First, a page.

The proliferation of software in modern medical devices has enabled innovative new applications and many benefits to patients.  However, it has also created greater challenges for medical device companies: namely, managing greater product complexity and more reliance on third party software components.  For connected devices there are the added challenges of cybersecurity risks, protecting patient data, and maintaining interoperability. All of this means that medical device companies must be adept at managing change, especially after product launch.

Let’s see what this looks like for an example connected medical device.  The figure below shows a wearable heart monitor (smart watch) which communicates via BlueTooth with a mobile device which provides controls and feedback to the user and transmits patient data to the cloud where it is analyzed and stored.  A cardiologist can then view the patient’s data and make decisions about whether to adjust medications or bring the patient in for additional exams.

Connected medical device

This distributed Internet of Things (IOT) architecture is very flexible and powerful but presents some key challenges for developing and sustaining products.  Multiple parts need to work together to provide the medical benefit. That means that changes to one part, such as the mobile app, can trigger changes to other parts (the watch or software in the cloud).  Each part has different software development methods and tools, which need to be managed differently, and include third party software components which can change independently from your product.

The changes needed after product launch for a hardware-only medical device, assuming it was optimally designed, are basically the following: changes to packaging and labeling, changes to the supply chain, and refinements to manufacturing processes.   However, if the device contains software, there are many more potential changes after product launch as shown in the table below. Importantly, some of these changes, such as security vulnerabilities, are externally driven and cannot be planned and scheduled–these types of change force a medical device manufacturer to respond quickly to maintain a safe and effective product.

Hardware-Only DevicesHardware-Software Devices
• Changes to packaging / labeling
• Changes to component suppliers
• Refinements to mfg process steps
• Changes to packaging / labeling
• Changes to component suppliers
• Refinements to mfg process steps
SW changes due to updated OS or 3rd party library
SW changes to maintain interoperability
SW changes to address security vulnerability
Changes to GUI or other functions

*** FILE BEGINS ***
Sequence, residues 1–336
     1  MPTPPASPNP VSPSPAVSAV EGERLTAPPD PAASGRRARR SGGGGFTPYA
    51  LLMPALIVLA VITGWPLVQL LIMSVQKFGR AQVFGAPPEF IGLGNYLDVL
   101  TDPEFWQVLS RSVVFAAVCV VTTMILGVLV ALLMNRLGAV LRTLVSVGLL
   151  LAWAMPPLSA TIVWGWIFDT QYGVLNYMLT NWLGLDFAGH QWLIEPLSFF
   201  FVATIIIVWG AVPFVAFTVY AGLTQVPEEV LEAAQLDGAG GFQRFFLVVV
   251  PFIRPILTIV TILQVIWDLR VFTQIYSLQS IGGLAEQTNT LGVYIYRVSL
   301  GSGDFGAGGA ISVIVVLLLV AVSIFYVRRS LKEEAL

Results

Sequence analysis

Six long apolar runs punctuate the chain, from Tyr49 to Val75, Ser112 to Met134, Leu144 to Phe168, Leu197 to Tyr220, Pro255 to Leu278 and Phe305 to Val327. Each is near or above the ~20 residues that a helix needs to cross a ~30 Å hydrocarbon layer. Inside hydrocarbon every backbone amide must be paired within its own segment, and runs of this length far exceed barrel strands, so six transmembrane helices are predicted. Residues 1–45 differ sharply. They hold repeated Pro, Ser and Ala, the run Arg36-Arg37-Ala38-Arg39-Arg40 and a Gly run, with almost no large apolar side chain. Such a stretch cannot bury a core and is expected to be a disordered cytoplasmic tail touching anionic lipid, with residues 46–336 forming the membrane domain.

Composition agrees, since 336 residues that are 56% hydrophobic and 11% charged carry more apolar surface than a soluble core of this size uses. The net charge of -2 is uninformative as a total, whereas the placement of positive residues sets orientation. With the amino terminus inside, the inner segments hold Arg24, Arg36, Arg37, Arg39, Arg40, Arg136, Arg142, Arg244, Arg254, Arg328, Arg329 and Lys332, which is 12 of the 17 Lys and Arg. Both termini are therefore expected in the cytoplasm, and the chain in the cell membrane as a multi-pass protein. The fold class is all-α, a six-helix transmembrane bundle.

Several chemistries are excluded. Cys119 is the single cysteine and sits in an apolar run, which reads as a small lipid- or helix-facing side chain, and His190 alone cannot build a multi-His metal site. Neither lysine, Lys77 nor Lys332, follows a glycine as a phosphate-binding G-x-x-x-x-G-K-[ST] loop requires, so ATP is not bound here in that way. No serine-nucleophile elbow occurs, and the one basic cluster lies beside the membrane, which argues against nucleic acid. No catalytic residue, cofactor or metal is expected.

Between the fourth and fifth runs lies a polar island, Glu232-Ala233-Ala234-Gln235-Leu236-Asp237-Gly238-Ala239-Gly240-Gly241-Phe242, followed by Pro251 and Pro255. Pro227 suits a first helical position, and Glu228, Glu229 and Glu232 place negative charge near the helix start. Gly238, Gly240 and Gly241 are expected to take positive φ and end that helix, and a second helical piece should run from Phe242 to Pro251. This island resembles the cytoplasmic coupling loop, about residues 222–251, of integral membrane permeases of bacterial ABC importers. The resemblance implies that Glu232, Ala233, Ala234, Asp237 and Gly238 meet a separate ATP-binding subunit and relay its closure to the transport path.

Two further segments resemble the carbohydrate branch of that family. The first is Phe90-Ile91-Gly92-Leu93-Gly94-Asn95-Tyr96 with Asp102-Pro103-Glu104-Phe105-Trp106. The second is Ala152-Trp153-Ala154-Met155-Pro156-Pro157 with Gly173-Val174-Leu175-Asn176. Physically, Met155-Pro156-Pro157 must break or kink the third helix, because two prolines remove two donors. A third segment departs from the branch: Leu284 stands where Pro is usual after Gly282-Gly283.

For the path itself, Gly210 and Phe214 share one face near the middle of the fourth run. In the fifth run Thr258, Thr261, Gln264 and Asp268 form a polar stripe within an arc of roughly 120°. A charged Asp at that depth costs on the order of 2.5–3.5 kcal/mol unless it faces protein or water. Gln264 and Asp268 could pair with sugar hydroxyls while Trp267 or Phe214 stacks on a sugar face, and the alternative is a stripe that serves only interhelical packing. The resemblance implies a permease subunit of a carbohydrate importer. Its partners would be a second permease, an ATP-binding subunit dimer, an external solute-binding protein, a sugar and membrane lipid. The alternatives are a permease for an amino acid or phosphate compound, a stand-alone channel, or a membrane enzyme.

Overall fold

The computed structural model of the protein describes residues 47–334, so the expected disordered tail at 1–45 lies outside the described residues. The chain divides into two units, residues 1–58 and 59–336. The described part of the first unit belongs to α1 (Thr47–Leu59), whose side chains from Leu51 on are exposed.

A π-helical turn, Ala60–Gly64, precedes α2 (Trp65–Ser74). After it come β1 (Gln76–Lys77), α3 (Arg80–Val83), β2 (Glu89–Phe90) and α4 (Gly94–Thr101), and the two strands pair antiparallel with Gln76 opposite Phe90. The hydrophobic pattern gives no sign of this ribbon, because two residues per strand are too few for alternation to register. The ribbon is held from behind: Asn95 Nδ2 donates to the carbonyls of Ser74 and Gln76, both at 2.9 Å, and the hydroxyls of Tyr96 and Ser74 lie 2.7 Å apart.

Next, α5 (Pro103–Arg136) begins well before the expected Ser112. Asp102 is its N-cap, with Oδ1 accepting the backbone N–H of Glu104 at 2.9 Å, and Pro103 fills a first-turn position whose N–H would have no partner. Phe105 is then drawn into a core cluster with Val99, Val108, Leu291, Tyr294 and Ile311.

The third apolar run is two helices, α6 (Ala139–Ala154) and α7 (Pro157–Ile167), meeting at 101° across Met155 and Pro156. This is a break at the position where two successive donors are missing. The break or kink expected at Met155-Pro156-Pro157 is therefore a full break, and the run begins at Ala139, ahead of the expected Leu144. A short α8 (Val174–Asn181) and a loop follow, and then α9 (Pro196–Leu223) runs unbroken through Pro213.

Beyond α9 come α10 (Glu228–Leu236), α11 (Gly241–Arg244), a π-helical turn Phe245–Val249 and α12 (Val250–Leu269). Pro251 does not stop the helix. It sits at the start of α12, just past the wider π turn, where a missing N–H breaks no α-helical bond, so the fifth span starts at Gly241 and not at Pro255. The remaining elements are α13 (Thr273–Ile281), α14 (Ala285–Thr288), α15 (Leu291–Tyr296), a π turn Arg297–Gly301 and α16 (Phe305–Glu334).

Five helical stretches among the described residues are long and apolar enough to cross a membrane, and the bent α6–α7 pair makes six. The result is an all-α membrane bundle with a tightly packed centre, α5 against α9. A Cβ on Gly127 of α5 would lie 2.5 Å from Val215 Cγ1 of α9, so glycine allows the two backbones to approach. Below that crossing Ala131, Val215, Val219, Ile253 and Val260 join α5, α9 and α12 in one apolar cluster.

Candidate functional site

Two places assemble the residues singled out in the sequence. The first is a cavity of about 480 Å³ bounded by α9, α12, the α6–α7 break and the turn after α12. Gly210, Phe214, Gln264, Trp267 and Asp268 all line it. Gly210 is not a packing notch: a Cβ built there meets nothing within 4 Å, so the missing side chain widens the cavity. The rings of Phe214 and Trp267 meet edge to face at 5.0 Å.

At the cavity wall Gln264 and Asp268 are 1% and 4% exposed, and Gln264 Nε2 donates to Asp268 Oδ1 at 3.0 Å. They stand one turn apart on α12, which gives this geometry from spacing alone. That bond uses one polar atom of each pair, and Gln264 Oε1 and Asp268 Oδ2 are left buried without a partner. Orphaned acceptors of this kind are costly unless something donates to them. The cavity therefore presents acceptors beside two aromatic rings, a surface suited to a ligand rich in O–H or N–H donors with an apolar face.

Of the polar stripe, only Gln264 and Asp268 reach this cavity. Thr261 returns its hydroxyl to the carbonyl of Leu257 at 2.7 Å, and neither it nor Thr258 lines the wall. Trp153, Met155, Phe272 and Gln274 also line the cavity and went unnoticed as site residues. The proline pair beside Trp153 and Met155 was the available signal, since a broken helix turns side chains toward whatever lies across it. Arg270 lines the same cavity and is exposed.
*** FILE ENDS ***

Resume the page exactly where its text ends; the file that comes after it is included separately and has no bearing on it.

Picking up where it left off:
Additional features

Embracing change means setting up your organization, processes, and tools to efficiently manage changes during product development and after product launch.  At the organizational level, your company needs clearly defined responsibilities for sustaining engineering and close collaboration with new product development.  This ensures a continuum of product knowledge across the entire product life cycle. Companies that have a vaguely defined hand-off from product development teams to sustaining engineering or worse, have outsourced their software development, risk losing key product knowledge needed to maintain the product after launch.

What processes and tools are needed?   The list below describes characteristics of organizations that are able to manage product change efficiently for software-intensive and connected medical devices:

  • Agile methods for product development
    • Design iterations are expected during development (and after product launch)
    • Design controls are not forced to be sequential (don’t create a “waterfall” framework)
    • Multiple iterations of risk management, design inputs, design outputs, V&V testing
  • Scalable, flexible quality system processes for controlling design changes (not a one-size-fits-all approach)
  • Well-defined software configuration and release process (“turn the crank”)
  • Product designed for upgradeability (secure remote software patching, modular architecture, etc.)
  • Good knowledge management systems to prevent loss of product knowledge over time
  • Centralized issue tracking (not compartmentalized) – able to coordinate and synchronize changes to multiple hardware and software components in a distributed architecture
  • Test automation – able to quickly execute a suite of automated software regression tests for every change to the software
  • Streamlined compliance
    • Minimize delays in review, approval, and release of records
    • Eliminate redundant records
    • Documentation automation – much of the required compliance documentation is generated automatically by the same software tools used for managing the product design and testing

Your company does not need to have all of these characteristics to be successful, but every one of them will help lower the cost of design changes.   Becoming better and better at managing product design changes will enable your company to be both faster at product development and better at post-market maintenance, which translates into longer product life.